Pros: Exciting, fast paced, very good and intelligent story telling
Cons: Some implausible story content
When my nine year old daughter saw me reading this book and she saw that on the front cover there was a picture of a man fighting a giant spider, she exclaimed: Dad! How immature of you! Why are you reading a book about people fighting giant spiders? I told her not to judge a book by its cover. This book is to a large extent about a group of humans trying to survive in a bizarre world with giant insects, spiders and giant mushrooms but no higher level animals. However, that does not mean that the book is juvenile or implausible.
Background to the story
Humankind was spreading throughout the galaxy; turning suitable but barren planets into planets fit for life and human population. A so called seed ship, Orana, lands on an unnamed planet and plant spores, microorganisms, plankton, and fungi. Subsequent seed ships plant fish, plant life, insects and other arthropods. However, due to a clerical error the planet is "forgotten" and the process is never finished. As a result the planet becomes a planet with giant mushrooms, giant insects, millipedes, and spiders, but with no mammals, birds, or reptiles. The creatures on the planet also grow far beyond their normal size over the centuries. There are million member swarms of army ants 2-3 feet long that travels the landscape and consumes everything in their path. There are poisonous spiders that are a few yards long, and enormous spider webs that can ensnare a human. The planet becomes a planet of a million nightmares.
The space ship Icarus crash lands on this planet and the crew is lost and forgotten. Through the generations the knowledge of civilization is forgotten and the descendents of the ship wrecked turn into savages. The story is about Burl and his tribe and how they begin to rediscover human knowledge in this extremely dangerous and brutal world where humans are nothing but vermin and insect feed.
Opinion about the book:
There are a few implausible elements in the story, for example, creatures with exoskeletons (spiders, insects, etc.) cannot grow to the sizes described in the book. Another item that seems implausible is that it is possible to forget an entire planet because of one man's clerical error. However, the description of the insects and the spiders and how they behave and look like is based on the author's expertise in Entomology. These descriptions are convincing, insightful and also interesting. The clear descriptions of the arthropod world and how it would look like enlarged was fascinating. His description of how people would live and survive in such a world was also gripping and believable. The author is clearly very knowledgeable and he has a great skill in realistically portraying a micro world as a macro world. Therefore I found it easy to forgive a few implausible items.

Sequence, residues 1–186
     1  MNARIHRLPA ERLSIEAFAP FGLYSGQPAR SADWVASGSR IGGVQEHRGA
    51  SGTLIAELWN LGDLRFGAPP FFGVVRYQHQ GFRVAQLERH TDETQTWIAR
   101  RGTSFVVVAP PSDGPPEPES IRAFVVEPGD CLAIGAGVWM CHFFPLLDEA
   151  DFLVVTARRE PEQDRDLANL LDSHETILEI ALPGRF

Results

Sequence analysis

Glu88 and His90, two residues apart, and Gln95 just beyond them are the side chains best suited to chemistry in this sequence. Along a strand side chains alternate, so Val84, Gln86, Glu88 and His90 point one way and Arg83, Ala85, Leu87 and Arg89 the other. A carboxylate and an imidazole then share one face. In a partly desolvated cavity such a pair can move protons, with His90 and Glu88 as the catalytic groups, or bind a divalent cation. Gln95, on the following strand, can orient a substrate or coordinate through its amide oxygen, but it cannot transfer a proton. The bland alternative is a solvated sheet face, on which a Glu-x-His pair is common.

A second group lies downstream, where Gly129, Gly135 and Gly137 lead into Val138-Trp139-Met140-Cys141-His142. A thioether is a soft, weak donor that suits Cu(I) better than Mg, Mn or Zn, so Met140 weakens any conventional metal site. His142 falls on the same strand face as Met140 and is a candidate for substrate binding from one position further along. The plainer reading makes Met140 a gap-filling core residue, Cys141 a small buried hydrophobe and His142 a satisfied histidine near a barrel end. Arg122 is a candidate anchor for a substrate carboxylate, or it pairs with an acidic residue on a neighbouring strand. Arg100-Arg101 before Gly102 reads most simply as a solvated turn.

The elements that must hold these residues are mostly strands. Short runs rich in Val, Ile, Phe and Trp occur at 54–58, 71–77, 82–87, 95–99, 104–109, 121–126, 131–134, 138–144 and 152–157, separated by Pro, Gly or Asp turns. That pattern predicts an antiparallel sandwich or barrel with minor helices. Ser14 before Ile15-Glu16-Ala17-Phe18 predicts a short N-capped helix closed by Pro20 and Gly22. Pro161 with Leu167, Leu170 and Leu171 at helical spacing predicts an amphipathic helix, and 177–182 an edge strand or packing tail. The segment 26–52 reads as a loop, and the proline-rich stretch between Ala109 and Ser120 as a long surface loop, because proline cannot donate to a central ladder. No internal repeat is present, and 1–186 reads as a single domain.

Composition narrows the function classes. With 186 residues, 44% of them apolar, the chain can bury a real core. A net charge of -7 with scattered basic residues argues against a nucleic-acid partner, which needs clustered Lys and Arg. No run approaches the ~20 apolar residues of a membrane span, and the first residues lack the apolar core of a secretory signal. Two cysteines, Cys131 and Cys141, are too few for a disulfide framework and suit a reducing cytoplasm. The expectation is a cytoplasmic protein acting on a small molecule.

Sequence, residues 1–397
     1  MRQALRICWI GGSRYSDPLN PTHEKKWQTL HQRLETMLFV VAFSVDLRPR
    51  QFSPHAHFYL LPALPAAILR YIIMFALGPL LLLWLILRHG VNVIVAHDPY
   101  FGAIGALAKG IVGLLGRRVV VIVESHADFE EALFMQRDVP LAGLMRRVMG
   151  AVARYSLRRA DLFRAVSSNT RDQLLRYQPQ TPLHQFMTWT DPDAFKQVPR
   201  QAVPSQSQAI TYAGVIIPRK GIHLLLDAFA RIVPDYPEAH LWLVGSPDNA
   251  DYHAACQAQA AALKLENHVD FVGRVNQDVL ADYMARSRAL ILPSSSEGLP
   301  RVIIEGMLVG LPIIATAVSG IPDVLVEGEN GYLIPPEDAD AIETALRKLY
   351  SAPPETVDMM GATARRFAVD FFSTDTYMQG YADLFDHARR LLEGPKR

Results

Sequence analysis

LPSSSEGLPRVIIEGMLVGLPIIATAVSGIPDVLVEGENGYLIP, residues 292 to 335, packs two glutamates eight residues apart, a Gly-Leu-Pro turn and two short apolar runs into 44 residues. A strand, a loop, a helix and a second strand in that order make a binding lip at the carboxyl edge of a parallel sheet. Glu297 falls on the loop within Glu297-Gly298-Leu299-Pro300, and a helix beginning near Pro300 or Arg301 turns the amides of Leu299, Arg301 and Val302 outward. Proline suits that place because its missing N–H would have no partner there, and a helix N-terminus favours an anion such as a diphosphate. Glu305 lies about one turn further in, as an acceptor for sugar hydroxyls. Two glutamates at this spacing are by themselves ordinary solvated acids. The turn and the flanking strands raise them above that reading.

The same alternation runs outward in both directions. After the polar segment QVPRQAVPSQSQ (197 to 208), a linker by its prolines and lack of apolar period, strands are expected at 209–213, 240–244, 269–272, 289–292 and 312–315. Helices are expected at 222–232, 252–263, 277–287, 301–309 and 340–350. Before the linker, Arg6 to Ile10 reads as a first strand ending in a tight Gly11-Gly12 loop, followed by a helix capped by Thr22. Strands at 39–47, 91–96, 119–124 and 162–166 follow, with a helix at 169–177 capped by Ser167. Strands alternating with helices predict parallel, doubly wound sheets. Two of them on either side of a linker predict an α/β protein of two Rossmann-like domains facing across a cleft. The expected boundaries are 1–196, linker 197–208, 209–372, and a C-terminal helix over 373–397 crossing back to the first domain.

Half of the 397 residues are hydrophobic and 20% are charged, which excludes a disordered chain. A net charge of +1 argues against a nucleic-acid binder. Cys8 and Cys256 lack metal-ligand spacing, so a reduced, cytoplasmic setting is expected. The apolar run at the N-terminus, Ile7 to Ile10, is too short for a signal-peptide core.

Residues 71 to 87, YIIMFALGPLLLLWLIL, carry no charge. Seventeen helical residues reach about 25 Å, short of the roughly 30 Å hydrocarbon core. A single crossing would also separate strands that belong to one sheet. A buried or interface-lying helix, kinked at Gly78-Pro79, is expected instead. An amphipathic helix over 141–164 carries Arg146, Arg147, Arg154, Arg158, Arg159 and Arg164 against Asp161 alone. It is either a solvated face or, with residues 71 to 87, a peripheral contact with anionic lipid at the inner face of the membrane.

The story telling is fast paced and there is stomach churning action on basically every page. It is the type of book that is hard to put down. Even though the premise may seem childish at first the book is far from a simple minded action read. The book was also about rediscovering civilization and how this could happen. The author's descriptions of the circumstances, the events, and the feelings and thoughts of the protagonist, Burl, were believable and engaging. Rediscovering civilization is not an easy feat. There are habits, feelings, and thought patterns that have to be overcome in addition to discovery and invention. This can only happen under special circumstances with the help of people with suitable personalities.
The book may seem like a childish book at first. However, it was a nice surprise that I enjoyed reading very much. "The forgotten Planet" is a great Science book that is no longer widely read. In a sense it is a "forgotten master piece of Science Fiction". I have a feeling this book would make a very good movie. I hope a movie producer will consider it one day.
Finally I would like to thank Patsy (pestyside) for adding this item to the data base